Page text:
On his trip to the Middle East, Joe Biden’s efforts to paper over nominal allies’ atrocities against Americans sends a message of impunity.
President Joe Biden’s trip to the Middle East is taking him to two countries whose governments are killers of American journalists.
On an international tour designed to improve tense relationships with two nominal allies, Biden met with Mohammed bin Salman, the authoritarian crown prince of Saudi Arabia, and Israeli Prime Minister Yair Lapid.
Bin Salman was judged by the CIA to have ordered the infamous murder of Washington Post columnist Jamal Khashoggi, a U.S. permanent resident, in 2018 after the prince became enraged over Khashoggi’s criticisms. More recently, Israeli soldiers killed Al Jazeera journalist and American citizen Shireen Abu Akhleh in a shooting in the West Bank that investigative journalists have said bore the signs of a targeted killing by Israeli forces.
Despite the evidence that these governments killed these journalists, Biden will not be reading anyone the riot act. Instead, the subtle message of Biden’s trip is one of impunity and shared conspiracy.
Biden claimed that his trip represents a continued commitment to upholding American values and interests, yet his administration has done nothing to hold those responsible for the murders of Khashoggi and Abu Akhleh to account. The purpose of this trip is rather to solidify the bonds of friendship between the governments of the U.S., Israel, and Saudi Arabia while sweeping unpleasant subjects like dead journalists under the rug.
None of it is particularly surprising: It’d be inane at this point to merely say that the U.S. is hypocritical when it comes to human rights issues. The new dynamic at play today is that other countries notice these double standards and resist obvious moral blackmail.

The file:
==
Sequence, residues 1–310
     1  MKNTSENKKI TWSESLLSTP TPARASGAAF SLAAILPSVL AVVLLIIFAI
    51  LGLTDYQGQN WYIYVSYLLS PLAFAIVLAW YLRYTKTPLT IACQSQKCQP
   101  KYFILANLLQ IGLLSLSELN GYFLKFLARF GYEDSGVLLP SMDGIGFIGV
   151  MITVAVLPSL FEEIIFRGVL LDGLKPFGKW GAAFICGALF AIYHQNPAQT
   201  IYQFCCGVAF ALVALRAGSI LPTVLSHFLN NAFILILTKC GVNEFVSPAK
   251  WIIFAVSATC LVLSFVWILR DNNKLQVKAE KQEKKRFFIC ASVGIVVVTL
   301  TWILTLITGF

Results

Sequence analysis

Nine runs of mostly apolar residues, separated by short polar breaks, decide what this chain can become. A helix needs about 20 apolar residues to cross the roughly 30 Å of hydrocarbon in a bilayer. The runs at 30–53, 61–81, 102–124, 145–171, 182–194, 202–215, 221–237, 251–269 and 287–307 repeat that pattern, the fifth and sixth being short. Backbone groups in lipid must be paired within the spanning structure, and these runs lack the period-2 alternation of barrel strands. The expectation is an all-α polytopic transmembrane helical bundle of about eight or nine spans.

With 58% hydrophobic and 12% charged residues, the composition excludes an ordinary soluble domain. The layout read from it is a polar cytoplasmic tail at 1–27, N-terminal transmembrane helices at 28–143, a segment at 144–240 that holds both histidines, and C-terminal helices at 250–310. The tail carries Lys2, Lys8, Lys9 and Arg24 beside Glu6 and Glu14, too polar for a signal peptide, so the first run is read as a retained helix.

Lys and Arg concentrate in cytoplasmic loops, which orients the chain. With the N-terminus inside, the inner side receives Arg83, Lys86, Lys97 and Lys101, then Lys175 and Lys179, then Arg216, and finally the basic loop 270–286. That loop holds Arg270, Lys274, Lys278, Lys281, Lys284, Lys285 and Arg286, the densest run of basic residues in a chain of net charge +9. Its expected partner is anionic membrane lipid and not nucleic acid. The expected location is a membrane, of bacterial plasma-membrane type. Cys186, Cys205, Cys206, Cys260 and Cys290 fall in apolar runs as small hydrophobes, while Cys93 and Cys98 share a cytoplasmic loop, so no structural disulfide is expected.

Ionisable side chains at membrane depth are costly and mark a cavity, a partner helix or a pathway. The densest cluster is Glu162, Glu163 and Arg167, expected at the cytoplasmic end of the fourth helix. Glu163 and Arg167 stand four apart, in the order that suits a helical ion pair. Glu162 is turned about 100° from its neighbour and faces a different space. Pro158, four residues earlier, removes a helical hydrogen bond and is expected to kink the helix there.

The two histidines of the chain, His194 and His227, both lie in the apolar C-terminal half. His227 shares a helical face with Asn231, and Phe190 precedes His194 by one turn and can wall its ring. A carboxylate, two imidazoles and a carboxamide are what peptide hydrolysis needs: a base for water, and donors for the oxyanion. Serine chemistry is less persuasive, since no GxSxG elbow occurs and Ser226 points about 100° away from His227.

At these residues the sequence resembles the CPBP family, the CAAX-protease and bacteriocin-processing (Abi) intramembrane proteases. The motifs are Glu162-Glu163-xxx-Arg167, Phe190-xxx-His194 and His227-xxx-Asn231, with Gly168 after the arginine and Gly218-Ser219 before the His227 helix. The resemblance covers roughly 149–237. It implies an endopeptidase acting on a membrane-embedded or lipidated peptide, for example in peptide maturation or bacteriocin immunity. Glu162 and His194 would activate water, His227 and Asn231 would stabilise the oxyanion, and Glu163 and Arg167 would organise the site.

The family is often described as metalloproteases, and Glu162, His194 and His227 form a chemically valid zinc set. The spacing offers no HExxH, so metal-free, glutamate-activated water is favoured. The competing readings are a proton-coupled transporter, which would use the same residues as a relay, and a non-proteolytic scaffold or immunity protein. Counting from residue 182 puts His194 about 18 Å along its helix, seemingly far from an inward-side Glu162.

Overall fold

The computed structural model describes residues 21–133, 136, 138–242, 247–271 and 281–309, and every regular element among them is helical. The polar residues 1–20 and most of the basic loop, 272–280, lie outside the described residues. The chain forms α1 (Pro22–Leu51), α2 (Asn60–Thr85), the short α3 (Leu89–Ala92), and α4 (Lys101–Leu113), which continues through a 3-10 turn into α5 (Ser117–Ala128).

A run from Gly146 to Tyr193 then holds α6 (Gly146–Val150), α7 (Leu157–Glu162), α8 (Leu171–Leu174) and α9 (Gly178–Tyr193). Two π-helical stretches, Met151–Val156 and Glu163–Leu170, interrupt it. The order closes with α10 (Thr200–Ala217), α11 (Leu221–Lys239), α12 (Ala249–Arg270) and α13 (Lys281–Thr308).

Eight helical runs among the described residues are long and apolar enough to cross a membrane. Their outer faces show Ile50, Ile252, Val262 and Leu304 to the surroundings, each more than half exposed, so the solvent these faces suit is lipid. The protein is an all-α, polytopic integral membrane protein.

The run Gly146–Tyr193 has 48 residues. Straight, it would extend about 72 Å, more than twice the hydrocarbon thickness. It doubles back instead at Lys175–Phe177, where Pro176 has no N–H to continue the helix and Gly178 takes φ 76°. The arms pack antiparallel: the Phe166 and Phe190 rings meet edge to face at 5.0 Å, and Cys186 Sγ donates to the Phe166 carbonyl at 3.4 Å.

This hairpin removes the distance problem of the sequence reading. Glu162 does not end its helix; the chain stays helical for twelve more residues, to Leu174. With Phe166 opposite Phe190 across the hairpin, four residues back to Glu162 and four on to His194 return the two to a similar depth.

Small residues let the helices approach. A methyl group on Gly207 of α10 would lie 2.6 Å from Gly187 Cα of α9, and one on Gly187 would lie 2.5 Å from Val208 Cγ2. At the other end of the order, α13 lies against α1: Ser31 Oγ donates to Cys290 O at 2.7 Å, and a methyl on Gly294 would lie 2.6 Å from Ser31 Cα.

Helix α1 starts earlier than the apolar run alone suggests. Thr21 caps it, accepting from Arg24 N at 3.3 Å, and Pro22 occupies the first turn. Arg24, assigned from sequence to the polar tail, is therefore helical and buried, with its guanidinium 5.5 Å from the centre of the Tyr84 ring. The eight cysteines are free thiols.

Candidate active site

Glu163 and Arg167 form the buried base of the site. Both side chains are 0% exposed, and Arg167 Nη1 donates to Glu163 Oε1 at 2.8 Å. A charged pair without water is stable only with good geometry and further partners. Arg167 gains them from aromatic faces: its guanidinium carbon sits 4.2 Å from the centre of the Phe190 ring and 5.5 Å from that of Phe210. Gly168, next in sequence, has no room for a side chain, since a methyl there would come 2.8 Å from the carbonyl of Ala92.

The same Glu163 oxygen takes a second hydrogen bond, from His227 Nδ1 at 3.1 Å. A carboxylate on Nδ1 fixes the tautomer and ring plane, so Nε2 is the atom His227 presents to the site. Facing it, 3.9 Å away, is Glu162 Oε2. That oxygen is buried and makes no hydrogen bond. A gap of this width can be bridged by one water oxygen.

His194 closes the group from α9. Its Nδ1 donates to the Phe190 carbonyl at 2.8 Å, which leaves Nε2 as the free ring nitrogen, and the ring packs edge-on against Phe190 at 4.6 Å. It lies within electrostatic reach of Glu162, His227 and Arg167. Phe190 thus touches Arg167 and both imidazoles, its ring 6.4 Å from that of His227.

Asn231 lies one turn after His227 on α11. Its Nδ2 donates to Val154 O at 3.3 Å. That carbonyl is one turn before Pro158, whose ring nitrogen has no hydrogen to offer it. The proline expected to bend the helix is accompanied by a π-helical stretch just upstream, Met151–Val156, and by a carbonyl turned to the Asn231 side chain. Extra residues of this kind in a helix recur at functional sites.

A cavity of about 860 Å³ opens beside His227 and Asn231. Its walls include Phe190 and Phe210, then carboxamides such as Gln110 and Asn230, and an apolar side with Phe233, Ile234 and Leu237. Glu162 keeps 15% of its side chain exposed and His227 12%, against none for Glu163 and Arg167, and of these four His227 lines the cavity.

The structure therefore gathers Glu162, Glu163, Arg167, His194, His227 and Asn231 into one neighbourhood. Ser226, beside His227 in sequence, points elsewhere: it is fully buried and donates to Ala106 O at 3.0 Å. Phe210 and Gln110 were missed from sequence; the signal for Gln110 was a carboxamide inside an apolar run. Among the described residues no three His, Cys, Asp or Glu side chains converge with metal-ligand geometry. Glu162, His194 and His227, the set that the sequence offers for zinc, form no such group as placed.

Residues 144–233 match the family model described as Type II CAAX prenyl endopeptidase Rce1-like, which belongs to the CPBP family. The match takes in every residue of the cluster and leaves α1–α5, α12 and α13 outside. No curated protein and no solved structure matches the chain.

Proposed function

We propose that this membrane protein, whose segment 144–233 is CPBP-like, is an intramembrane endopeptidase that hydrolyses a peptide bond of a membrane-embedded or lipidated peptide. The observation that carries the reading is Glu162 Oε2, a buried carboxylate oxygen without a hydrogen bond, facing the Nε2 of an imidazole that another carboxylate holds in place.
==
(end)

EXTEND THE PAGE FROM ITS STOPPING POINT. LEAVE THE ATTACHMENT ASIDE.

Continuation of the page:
As a candidate, Biden won praise for vowing to make Saudi Arabia a “pariah” for the outrageous crime of murdering a journalist at a major U.S. news publication. It was perhaps understandable that once in power he calculated that the relationship with oil-producing Saudi Arabia was too important to sacrifice for virtue.
By the same token, though, this makes it hard to lecture countries like India with a straight face to stop buying national gas from Russia over Russian human rights abuses in Ukraine. Telling Indians that they must suffer economic pain for principle in a manner that the United States itself will not is simply a nonstarter, and many Indian officials have said so.
The United States’ perceived moral reputation, which suffers when exposed by obvious hypocrisy and indulgence of undemocratic client states, is not just a matter of vanity. American soft power is an important force multiplier for getting other states to rally behind U.S.-led causes, including the war in Ukraine. Being unwilling to ask for accountability in the face of even the most brazen violations of stated American principles, up to and including extreme cases like the murder of U.S. citizens and journalists, makes it hard to convince other countries to join coalitions of the willing based on moral arguments.
There are going to be more crises in the future, and the U.S. would love to rally an alliance of nations of the “free world” against a future threat such as China. American leaders might well win some support by pointing to shared material interests. At this point, however, if there are other countries that sincerely believe that the United States stands on principle against human rights violations, they are engaging in willful self-delusion.
The great strength of the U.S. was once that it was able to sway foreign public opinion simply through the charisma of its public image. An incompetent, morally flexible, and doddering president begging for the support of autocrats and apartheid-administering client states is a sad example of how badly that charisma has faded.